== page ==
Pantomime, the art of acting without words, conveys a story, event or meaning with only body movement. To excel as a mime requires body awareness and control. For drama class in any grade, begin with exercises that allow students to become aware of and express themselves with their bodies through engaging in simple tasks and activities.
Divide your students into pairs, with one partner acting as the leader and one as the follower. The leader begins by moving a body part, while the follower tries to copies the movements exactly. This exercise forces the leader to pay attention to involuntary movements as well, since the follower reflects back any actions. After about five minutes, teams should switch roles. Discuss with them the ease with which they could control their deliberate movements as the leaders and how often they moved habitually, without awareness.
Acting Like Animals
Call out the name of an animal -- such as cat, bird, snake or turtle -- and have your students demonstrate the animal's behavior. As the students work, guide them to investigate the speed and agility of each animal's movements, and the parts of their own bodies that best represent the characteristics of the chosen animal. Alternatively, write them names of animals in small pieces of paper, have each student select one blindly from a bag or bowl and then, working solo, demonstrate his animal to the group.
Entrances and Exits
Create an imaginary doorway between two chairs in the front of the room. One by one, whisper to each student an imaginary event, such as winning the lottery, being dumped by a boyfriend or girlfriend, being robbed or meeting a favorite movie star. Have that student enter the room with the knowledge of this event, displaying the effects of that knowledge through movement, rather than with words. Ask the other students to guess what just happened. Switch the exercise by having them exit the space after giving them the situation.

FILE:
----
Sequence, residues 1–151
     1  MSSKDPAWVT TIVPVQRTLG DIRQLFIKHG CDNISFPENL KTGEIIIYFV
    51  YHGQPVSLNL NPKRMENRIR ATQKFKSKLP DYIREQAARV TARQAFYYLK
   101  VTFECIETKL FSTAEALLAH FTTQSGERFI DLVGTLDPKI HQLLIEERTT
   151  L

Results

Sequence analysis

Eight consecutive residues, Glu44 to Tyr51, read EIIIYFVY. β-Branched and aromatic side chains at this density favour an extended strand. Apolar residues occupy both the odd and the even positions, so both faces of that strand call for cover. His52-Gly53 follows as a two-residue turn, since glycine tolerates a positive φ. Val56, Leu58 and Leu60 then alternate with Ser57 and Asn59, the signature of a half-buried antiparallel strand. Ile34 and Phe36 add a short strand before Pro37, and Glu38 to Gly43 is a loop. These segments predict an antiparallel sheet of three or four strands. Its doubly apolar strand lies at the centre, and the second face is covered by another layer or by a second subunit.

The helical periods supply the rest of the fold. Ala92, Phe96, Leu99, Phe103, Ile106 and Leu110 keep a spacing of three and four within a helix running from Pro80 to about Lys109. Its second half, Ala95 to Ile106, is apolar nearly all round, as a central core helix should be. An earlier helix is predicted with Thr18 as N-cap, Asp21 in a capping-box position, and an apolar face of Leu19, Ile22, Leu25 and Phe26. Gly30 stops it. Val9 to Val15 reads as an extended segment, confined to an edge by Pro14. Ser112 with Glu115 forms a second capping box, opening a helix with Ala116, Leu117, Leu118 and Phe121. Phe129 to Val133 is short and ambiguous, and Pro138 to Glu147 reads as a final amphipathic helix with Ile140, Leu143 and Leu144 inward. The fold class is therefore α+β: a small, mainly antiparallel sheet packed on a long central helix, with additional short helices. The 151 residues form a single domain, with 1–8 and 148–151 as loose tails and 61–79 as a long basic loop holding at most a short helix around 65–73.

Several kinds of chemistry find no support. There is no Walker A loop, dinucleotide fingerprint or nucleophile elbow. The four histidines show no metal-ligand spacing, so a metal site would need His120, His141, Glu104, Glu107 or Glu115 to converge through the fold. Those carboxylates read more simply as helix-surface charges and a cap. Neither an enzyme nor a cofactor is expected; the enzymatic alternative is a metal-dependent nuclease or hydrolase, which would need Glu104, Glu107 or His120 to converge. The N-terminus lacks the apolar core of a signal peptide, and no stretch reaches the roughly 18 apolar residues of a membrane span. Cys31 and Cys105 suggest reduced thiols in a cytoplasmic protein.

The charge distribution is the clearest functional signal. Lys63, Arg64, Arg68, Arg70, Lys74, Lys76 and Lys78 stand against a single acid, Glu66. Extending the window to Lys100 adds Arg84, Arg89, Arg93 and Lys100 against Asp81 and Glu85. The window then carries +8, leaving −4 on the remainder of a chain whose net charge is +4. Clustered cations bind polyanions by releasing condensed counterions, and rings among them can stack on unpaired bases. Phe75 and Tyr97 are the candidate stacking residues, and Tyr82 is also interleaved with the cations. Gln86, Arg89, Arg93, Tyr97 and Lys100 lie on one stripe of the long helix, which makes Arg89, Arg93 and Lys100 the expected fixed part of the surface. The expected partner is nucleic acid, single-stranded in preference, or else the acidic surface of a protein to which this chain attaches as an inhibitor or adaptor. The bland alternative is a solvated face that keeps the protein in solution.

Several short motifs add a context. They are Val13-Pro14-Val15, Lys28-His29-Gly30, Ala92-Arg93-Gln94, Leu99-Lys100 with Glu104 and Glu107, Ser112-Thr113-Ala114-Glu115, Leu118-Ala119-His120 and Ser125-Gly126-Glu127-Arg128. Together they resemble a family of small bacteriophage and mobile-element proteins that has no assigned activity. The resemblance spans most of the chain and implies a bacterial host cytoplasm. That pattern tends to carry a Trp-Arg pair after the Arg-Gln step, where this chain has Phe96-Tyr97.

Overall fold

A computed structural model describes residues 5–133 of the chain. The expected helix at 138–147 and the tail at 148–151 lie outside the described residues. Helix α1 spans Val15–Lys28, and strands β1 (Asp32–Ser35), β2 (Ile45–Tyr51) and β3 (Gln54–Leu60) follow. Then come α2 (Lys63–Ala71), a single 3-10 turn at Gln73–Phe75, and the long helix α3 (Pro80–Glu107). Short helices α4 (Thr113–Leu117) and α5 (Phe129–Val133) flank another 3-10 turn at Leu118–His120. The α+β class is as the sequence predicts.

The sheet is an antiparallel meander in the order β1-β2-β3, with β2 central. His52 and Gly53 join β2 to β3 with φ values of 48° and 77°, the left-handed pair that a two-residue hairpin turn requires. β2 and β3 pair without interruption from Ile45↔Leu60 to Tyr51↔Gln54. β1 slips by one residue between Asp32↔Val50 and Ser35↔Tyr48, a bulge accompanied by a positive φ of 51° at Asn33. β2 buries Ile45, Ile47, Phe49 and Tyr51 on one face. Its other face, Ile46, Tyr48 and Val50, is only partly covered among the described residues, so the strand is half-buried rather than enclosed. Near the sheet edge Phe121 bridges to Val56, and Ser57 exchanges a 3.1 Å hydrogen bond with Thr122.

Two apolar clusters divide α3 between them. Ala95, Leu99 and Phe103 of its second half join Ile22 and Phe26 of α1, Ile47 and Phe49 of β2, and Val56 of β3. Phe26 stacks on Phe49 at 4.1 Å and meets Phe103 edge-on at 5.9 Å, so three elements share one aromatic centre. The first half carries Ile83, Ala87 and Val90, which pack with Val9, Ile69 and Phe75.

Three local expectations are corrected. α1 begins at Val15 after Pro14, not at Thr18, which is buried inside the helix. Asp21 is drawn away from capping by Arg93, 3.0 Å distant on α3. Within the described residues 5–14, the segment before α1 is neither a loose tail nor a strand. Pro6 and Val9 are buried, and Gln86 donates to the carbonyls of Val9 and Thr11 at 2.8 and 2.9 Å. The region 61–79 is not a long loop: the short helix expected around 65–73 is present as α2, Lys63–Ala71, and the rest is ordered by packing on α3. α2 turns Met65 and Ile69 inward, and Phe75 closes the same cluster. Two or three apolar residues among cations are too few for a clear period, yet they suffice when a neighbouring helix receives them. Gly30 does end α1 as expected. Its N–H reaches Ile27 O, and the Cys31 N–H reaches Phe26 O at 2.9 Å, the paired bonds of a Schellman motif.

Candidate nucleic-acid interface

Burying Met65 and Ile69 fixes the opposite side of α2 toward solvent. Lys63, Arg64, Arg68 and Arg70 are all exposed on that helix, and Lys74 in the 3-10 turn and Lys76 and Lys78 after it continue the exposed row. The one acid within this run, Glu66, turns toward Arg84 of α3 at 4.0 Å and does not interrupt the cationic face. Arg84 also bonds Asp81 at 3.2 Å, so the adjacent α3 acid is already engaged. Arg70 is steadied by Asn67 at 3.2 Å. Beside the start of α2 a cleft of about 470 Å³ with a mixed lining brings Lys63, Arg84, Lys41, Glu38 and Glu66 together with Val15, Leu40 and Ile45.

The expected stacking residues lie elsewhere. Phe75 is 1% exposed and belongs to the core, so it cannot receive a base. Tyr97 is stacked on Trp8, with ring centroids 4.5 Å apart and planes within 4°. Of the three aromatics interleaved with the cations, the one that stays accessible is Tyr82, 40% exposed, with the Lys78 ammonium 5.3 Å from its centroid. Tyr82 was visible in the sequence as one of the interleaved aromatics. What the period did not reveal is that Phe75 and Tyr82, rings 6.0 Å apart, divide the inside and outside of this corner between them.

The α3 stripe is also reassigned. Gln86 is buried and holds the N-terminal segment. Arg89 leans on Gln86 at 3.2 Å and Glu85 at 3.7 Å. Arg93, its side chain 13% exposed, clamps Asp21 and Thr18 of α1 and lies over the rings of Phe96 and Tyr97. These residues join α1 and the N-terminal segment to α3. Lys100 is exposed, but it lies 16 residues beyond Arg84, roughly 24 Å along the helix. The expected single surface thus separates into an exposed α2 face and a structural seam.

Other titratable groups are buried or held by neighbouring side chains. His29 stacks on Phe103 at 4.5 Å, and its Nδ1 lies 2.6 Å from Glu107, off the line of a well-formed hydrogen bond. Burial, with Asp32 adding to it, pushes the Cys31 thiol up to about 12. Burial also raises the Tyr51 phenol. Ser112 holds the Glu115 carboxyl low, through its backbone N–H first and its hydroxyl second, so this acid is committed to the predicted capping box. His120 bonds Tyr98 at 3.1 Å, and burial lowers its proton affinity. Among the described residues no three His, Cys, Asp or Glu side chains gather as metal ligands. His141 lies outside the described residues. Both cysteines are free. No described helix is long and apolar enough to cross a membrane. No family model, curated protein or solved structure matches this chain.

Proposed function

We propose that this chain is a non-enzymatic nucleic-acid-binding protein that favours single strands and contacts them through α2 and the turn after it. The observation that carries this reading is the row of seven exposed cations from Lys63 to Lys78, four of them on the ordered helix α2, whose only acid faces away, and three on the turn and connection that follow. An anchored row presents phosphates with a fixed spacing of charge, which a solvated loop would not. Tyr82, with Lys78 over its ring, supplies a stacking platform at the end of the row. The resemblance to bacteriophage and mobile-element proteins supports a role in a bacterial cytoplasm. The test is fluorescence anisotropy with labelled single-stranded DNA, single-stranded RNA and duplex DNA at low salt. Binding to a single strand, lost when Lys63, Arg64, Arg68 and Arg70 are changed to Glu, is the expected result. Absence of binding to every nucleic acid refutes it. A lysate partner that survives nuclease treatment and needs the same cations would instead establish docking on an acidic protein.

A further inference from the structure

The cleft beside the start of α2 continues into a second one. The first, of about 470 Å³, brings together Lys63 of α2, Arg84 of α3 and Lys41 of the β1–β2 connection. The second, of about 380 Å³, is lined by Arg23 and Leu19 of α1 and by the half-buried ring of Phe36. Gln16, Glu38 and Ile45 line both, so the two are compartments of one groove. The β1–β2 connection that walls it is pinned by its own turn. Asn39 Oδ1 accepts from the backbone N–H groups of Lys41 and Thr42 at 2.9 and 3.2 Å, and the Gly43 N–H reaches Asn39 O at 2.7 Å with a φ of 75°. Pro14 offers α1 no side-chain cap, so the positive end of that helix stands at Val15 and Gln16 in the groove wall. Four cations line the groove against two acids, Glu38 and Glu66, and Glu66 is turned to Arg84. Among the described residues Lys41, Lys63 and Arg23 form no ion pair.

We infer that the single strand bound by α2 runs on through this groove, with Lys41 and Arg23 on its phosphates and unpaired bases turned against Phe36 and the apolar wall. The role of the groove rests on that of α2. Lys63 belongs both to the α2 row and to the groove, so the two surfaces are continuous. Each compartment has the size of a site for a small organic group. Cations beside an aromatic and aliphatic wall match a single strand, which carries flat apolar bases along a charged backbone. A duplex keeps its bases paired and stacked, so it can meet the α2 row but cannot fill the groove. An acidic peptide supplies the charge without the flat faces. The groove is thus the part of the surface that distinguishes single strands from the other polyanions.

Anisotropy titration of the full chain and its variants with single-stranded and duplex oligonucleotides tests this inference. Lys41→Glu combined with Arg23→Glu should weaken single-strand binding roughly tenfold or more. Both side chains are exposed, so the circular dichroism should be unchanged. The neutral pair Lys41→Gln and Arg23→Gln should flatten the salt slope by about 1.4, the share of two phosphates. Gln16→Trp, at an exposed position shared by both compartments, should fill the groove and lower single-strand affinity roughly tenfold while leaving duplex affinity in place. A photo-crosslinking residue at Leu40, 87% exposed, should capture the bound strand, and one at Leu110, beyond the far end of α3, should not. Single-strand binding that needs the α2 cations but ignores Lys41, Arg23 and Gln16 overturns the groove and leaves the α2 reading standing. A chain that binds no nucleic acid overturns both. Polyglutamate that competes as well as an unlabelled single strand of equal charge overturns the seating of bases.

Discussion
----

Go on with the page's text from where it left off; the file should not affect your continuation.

Have your students pantomime washing dishes, mowing the lawn or playing a game of tennis without any props. With the students, brainstorm a list of activities to be pantomimed and write them down on slips of paper; then have each student select one activity at random to present to the group. This can be developed into a game by choosing group activities for the subjects of the pantomimes, such as playing a game of basketball or doing yard work. As students correctly guess the activity, have them join in until everyone gets it.
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